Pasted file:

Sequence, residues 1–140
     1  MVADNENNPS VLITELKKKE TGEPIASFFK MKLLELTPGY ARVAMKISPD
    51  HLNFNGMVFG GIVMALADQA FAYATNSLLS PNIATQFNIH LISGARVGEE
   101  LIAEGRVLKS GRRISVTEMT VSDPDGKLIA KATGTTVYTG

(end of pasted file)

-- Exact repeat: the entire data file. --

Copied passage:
Sequence, residues 1–140
     1  MVADNENNPS VLITELKKKE TGEPIASFFK MKLLELTPGY ARVAMKISPD
    51  HLNFNGMVFG GIVMALADQA FAYATNSLLS PNIATQFNIH LISGARVGEE
   101  LIAEGRVLKS GRRISVTEMT VSDPDGKLIA KATGTTVYTG